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Negative Guest List: September Concerts

Sorry if you didn't attend these shows. Good on you if you did. The Negative Guest List is going to be a new monthly column looking back on the month that was in Columbus live music. Here's the first installment. Three sold out concerts that should have been firmly on your radar. Queens of the [...]
Kevin J. Elliott

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Sorry if you didn’t attend these shows. Good on you if you did. The Negative Guest List is going to be a new monthly column looking back on the month that was in Columbus live music. Here’s the first installment. Three sold out concerts that should have been firmly on your radar.

Queens of the Stone Age/Royal Blood (9.12 @ Express Live)

It was Royal Blood who provided the “calm” before the storm, that was figuratively a roaring set from Queens of the Stone Age, as well as the literal downpour that only added fuel to the frenzy. The duo of Matt Kerr and Ben Thatcher — of Brighton, England — possess a veritable rags to riches, or garage to amphitheaters, story. Math is futile in music criticism, but it works for Royal Blood. As in, what do you get when you cross the White Stripes with the Black Keys and raise that creation on ’80s hair metal and pop anthems. For two guys, they make much more racket than the aforementioned guitar and drums iconoclasts. The crowd appeared to be genuinely in love with this band, besides my half-hearted assessment. What they do is catchy and loud, and Kerr, switching from guitar to bass and being as charismatic as they come is a rock star in the making, but it just felt as if nothing stuck. I’ve heard it all before. Still, it’s hard to fault their resourcefulness and penchant to make rock radio great again. Too bad they had to open for the Queens.

About the time Queens of the Stone Age took the stage the rain had commenced, and it was pouring hard. That didn’t stop the band from affirming why they are the best in the business when it comes to putting on a “hard” rock show, with all the emotional bent of rebellious teenagers and the cathartic aggression of war-torn troubadours. Halfway through I proclaimed them to be the best American band of the last two decades and on this night they proved that statement to be correct.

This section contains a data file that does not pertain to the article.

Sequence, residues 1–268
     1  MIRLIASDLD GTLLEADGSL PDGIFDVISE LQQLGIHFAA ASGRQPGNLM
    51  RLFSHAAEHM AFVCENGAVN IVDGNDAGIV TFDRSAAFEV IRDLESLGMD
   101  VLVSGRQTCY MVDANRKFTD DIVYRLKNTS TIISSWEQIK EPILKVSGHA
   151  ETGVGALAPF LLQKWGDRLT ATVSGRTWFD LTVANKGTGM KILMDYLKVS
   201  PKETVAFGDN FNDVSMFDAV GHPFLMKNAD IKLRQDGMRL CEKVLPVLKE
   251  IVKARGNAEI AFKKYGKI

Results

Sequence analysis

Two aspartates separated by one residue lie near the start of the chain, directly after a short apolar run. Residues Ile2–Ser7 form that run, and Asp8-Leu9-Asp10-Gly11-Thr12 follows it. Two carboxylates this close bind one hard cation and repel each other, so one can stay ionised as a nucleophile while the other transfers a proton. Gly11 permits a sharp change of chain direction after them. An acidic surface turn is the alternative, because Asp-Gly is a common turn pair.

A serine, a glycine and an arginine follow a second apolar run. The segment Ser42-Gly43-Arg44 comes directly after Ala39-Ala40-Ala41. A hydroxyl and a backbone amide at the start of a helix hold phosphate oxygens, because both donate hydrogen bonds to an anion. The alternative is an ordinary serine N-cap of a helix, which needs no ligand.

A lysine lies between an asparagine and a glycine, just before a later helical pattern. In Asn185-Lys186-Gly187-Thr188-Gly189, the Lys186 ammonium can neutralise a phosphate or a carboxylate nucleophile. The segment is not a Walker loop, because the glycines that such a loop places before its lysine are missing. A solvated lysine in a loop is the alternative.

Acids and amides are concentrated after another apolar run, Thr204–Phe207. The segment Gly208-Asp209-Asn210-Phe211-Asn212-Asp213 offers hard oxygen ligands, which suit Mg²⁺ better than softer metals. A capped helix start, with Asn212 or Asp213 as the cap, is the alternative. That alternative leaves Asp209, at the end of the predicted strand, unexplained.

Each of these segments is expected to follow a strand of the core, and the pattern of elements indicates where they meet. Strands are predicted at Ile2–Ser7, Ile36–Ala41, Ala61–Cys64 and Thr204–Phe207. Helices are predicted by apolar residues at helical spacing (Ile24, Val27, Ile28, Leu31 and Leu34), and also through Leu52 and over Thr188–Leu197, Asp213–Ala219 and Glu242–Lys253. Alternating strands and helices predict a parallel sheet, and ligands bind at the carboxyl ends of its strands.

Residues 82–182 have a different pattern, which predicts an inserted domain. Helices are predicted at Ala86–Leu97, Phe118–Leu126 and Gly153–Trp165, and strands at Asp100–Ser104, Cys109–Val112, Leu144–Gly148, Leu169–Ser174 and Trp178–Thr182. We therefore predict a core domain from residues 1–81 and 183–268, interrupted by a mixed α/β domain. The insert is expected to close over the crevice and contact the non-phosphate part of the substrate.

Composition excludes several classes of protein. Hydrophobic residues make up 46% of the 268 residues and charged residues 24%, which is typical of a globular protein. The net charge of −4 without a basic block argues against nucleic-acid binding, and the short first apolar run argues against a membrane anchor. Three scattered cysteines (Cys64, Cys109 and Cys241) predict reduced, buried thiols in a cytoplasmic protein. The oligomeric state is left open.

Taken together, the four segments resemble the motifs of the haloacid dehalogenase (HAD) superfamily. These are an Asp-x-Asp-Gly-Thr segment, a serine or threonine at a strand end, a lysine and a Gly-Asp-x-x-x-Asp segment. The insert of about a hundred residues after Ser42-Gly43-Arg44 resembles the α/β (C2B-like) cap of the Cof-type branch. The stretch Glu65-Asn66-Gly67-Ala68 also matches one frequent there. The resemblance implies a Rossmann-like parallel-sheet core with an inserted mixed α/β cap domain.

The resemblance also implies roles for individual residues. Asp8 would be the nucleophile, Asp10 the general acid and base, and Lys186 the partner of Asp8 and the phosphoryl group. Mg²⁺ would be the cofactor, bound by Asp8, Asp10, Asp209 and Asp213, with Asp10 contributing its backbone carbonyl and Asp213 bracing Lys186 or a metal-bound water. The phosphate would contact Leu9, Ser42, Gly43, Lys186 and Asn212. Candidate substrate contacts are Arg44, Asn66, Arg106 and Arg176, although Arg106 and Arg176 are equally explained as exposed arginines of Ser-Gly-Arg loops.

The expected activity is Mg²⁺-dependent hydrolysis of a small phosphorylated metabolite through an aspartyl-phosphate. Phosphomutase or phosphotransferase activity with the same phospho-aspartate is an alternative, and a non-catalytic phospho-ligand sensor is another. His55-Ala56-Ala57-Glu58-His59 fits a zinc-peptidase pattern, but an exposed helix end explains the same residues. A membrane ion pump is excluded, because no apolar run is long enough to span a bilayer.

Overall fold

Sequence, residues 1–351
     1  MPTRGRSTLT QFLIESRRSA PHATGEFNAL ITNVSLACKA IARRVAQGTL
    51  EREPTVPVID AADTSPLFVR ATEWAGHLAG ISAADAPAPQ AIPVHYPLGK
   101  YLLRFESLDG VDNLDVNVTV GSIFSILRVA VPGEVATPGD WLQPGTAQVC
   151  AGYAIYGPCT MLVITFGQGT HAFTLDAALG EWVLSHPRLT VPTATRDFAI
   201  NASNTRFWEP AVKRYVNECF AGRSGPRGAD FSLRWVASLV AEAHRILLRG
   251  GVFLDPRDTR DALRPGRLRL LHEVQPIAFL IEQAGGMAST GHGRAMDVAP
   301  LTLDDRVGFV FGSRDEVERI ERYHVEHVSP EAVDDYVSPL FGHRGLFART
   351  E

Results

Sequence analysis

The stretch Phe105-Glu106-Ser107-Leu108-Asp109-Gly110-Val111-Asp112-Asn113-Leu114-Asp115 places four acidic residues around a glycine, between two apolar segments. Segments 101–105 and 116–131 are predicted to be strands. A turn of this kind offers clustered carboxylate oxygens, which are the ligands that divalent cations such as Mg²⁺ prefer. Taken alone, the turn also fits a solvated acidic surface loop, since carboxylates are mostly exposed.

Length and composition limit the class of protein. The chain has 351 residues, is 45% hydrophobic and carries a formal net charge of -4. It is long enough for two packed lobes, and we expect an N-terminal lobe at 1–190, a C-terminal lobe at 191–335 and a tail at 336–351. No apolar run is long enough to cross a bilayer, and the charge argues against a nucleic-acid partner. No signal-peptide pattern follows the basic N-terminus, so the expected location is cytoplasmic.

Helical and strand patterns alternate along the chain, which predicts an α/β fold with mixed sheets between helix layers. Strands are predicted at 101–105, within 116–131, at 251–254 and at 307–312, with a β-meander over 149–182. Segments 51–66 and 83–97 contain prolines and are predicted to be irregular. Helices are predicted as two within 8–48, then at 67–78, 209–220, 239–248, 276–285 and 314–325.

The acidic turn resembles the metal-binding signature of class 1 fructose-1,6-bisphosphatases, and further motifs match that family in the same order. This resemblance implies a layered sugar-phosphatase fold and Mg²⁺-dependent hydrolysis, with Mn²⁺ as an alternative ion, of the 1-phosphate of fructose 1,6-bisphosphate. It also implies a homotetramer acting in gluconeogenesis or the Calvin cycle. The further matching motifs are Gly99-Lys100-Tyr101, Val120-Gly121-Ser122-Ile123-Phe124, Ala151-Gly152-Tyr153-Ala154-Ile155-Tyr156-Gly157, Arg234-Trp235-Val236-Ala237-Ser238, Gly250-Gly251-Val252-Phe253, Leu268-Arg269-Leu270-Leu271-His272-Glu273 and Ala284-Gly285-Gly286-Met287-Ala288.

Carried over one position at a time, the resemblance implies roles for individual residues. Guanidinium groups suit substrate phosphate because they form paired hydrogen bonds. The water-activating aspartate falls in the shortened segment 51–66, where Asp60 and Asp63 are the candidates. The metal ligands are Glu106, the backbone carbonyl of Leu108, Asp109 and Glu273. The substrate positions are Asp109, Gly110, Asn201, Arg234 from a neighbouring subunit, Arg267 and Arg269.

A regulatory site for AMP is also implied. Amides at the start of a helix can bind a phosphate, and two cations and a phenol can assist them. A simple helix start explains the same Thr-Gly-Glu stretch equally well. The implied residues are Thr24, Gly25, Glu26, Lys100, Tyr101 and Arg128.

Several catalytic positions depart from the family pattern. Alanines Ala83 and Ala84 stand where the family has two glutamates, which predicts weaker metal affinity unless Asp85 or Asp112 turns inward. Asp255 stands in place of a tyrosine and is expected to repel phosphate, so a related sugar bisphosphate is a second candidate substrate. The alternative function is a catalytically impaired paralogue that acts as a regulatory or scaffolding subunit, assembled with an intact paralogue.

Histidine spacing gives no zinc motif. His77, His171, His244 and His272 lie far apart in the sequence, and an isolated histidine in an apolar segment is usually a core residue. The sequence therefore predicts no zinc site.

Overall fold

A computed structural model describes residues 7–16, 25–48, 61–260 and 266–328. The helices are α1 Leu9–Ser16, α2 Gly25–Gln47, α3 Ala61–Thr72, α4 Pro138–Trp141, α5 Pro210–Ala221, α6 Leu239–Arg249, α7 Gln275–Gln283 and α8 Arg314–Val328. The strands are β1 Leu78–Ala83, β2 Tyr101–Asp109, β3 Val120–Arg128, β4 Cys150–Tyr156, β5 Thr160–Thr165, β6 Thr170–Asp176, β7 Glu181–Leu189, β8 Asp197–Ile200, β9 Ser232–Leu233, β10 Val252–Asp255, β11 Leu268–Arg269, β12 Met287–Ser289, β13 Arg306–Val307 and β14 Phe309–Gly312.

They took a time machine through their greatest hits, which was tailored to all tastes from the band’s many moods, “Make It Wit Chu” — for the ultra-stoner Ween hang-oners, “No One Knows” for the mainstream fans, “Avon” for those who have been around since the grinding, desert daze, “Leg of Lamb” for the introspective, guitar-magnified, weirdoes.

But the new album — and a wide selection from …Like Clockwork — dig deep into the dark psyche of Josh Homme. Meditative in the form of nuanced guitar freak outs, perhaps he’s the guy who came up with the formula. Surely if you cycle through the drought of Queen’s material, when he was sound tracking Guitar Hero and middling through his first wave, a bad look for making history, you’ll find hits, but this last duo of comeback albums stretches into a new abyss of performance and metal malleability.

When they finally ended the night, delving into their latest “dance” phase, “The Way You Used to Do,” the crowd was drenched but happy, and actually “dancing” to a metal band. It was glorious to say the least.

Wire (9.18 @ Ace of Cups)

If there were one band I ascribe to shaping who I am now, it’s Wire. Colin Newman and company taught me punk could be art and that art-punk could be both sugary sweet and obtuse without dulling the edge. While I should have planned ahead for the sold-out event, I snagged a ticket last minute, and was instantly invigorated. I spent most of that day blaring Pink Flag out the window, wishing on a quasar they’d come roaring into town in a nostalgic buzz.

No luck. Any search through recent set-lists revealed Wire does not revel in the past. They’re a future band, always have been. However, they did start with “Ahead” (again that motto of movement), a stunning, shoegazing, mid-‘80s pop song, which is in close relation to Wire’s current M.O. It was a nice surprise, but besides that and a rousing “Three Girl Rumba,” their set consisted of material from their last decade of under heard albums. Still, seeing Wire in any capacity is a treat, an honor, you’re in the presence of those who broke punk. Despite not hearing the classics, their vibe was continually taut, and melancholic, with electronic beats battling organic drums, and metallic guitars heavily manipulated and snaking through the layers. It was euphoric at times, boring when it lagged, and a huge hole for those who missed it.